ETF vs Mutual Funds and Portfolio Allocation

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jasonlaw
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ETF vs Mutual Funds and Portfolio Allocation

Postby jasonlaw » Wed Apr 25, 2007 9:23 am

My wife and I each have a Roth IRA and Tradition IRA (Rollovers from 401Ks) with Vanguard. We are both 32 years old and have about $120K invested in these accounts. We are continuing to fund the Roth IRAs with about $15K per year. I am right now invested in Vanguard Index Mutual Funds, but am looking into using some ETFs especially in the tradition IRA accounts. Would ETFs be better than mutual funds?

I am also trying to decide which funds and asset allocation to use. I want to be aggressive with the amount of time I have until retirement and I like to keep expenses very low. Currently, we have a target asset allocation of 45% Large Cap (VFINX), 15% Mid Cap(VIMSX), 15% Sm Cap(NAESX), and 25% International(VGTSX). I am considered adding possibly an emerging markets fund as part of my international.

Any advice would be welcomed. Thank you.

Jason

Walt
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Postby Walt » Wed Apr 25, 2007 9:38 am

Sounds like you are doing some great things you are spreading your investments out and maintaining diversification. Remember cost is only an issue in the absence of value, low cost is great as long as you are buying quality. ETF can be a great addition to your portfolio, just make sure that the underlining equity’s fit your goals. It is tempting to go aggressive, and chase those big returns. My advice is to stay in balance, I know it does not sound exciting but you might consider adding a bond fund for some downside protection. I feel that no less then 10% in bonds and no more then 15% in aggressive with the bulk in quality growth funds or equity’s would be a good fit.

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tinyhands
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Postby tinyhands » Wed Apr 25, 2007 10:10 am

I would encourage you NOT to contribute $15k per year to the Roth as that will exceed the maximum contribution limit and you'll be taxed 6% on the excess.

With a 30 year investment timeline, I prefer a heavier weighting in small-caps over large and pure growth funds over income or growth-income blend funds. I'm not familiar with all of Vanguard's funds, so don't take this as gospel, but at a glance I prefer VISGX, VMGIX, and VGEQX over the 3 you mentioned, in order of decreasing weightings. If you're not limited to Vanguard funds, you obviously have many more options. There are a lot more choices in international & emerging markets.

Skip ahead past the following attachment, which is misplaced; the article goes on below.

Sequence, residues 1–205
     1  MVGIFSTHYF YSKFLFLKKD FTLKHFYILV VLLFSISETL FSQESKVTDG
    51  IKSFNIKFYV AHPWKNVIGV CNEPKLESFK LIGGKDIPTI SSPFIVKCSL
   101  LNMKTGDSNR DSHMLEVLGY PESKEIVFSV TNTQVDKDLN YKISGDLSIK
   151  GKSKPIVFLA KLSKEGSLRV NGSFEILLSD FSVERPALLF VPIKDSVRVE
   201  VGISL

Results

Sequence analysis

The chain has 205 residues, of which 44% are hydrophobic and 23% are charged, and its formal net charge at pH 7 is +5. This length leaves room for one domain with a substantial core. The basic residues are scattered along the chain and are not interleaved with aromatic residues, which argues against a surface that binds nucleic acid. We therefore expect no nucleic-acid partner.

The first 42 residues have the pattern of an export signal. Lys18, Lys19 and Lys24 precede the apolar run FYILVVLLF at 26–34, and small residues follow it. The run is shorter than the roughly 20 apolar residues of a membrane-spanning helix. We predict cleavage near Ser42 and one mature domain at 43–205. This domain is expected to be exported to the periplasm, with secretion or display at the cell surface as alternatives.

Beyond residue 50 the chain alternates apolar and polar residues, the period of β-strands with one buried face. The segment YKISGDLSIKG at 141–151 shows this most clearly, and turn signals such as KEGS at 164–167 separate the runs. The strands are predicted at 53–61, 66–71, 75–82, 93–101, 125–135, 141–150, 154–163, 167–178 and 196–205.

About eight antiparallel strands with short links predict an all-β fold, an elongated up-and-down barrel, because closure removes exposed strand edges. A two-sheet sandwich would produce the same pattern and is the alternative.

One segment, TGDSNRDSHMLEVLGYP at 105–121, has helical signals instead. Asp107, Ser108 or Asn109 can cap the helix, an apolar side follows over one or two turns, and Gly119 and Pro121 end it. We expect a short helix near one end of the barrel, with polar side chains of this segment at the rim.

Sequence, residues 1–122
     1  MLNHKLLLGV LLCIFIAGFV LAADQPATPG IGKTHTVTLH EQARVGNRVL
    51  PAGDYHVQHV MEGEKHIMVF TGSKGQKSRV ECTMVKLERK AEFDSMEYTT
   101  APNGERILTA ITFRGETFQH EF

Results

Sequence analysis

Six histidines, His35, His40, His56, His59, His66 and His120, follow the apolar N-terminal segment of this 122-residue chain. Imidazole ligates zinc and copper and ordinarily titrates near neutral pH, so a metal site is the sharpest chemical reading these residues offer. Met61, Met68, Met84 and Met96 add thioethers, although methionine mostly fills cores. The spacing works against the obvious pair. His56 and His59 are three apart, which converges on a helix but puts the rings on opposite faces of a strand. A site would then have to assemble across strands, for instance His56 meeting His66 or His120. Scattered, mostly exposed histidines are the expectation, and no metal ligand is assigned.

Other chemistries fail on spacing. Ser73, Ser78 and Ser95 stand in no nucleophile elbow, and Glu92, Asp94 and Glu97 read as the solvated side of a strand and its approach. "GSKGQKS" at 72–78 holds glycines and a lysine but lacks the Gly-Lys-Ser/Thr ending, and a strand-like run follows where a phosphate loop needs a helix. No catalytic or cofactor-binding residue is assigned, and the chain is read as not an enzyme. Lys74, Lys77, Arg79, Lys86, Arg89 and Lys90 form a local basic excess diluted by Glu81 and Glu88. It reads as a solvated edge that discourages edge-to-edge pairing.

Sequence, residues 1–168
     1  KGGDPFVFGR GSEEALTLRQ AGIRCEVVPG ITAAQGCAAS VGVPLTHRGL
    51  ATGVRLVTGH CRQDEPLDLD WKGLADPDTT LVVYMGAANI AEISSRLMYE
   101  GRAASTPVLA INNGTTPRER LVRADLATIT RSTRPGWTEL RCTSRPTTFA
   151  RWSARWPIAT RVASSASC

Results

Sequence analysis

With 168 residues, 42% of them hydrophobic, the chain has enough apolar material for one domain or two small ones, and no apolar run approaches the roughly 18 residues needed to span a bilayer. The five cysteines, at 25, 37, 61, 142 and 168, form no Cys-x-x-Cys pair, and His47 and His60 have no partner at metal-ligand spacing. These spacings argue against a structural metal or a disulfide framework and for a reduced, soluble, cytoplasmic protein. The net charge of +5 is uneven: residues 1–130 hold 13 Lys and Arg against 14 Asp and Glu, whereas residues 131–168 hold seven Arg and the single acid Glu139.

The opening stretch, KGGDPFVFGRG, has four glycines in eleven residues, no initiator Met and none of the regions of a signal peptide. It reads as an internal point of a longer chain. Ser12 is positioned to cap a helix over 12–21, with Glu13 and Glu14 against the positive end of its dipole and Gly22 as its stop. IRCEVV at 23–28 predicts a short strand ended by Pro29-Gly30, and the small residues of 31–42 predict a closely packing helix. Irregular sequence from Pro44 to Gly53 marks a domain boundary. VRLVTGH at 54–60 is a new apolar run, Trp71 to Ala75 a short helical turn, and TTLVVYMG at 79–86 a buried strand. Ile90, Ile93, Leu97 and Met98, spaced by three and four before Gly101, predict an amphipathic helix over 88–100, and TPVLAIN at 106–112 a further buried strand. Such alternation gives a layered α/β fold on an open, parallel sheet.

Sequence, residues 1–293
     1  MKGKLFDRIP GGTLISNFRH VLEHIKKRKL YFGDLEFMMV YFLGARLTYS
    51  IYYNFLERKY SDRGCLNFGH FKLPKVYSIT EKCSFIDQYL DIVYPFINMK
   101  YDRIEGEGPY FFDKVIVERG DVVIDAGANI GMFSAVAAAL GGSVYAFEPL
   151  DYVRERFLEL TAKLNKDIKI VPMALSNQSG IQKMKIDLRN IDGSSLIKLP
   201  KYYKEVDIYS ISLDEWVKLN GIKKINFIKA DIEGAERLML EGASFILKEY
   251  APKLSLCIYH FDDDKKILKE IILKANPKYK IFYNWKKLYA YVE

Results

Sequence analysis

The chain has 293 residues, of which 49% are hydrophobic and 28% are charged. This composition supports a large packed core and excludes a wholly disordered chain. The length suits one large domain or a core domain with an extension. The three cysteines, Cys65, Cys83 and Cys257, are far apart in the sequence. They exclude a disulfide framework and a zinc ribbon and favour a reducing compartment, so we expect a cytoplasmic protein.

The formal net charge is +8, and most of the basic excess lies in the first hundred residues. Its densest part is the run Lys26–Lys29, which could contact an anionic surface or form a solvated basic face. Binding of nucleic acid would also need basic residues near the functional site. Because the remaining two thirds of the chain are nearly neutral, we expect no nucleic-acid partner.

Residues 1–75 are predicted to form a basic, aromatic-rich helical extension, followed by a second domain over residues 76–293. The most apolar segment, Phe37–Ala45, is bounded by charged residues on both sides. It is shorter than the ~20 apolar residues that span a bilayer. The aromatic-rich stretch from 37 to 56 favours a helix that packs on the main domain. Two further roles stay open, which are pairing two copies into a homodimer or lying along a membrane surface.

Regarding ETFs versus mutual funds, I prefer them. 3 alternatives (although there are many others) to the above funds might be VBK, VOT, and VUG.

I respectfully disagree with Walt's comment about "no less than 10% bonds" (I would argue for no MORE than 10%, at your age) and "no more than 15% aggressive" (also due to your age).

Walt
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Postby Walt » Wed Apr 25, 2007 10:26 am

I do fall into a more conservative category, the way I look at is if you had the 120K as cash in your hand, and you were getting ready to invest it would you allocate it in the same way? (Or would you really consider the risk) If you have money out side these accounts that is in some more conservative places then take that into consideration when looking at you entire picture. And Tinyhands is 100% correct do not over contribute to your IRA accounts max of 4K per person put the extra money into a reg account

jasonlaw
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Clarification

Postby jasonlaw » Wed Apr 25, 2007 12:26 pm

We will not be investing more than the maximum into IRAs. We will invest the maximum and then probably another $5K through my 401k. Thanks for the advice.
Jason

dolver
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Postby dolver » Wed May 02, 2007 9:35 pm

I don't have much to back this up, but I get the general feeling that I am only going to invest in index funds for the equity portion of my investments. I feel if I do:

Vanguard Total Stock Market
Vanguard Total International Stock Market
S&P 500 index (through my 401(k))

I should be all set on that front. I am just starting out, and I plan to read some more stuff from John Bogle, because I feel as though I agree with a lot of his thinking, but those offerings are dang diversified AND don't have the potential fees, costs, risks associated with actively managed funds, etfs, common stocks, etc.

Eventually, once I have established my base, I will want to add other types of investments: Real Estate, Bonds, once I get older, etc. But in terms of playing the stock market, I think those will do me. Anyone think I'm crazy? Speak up and save my naive self. Thanks folks.


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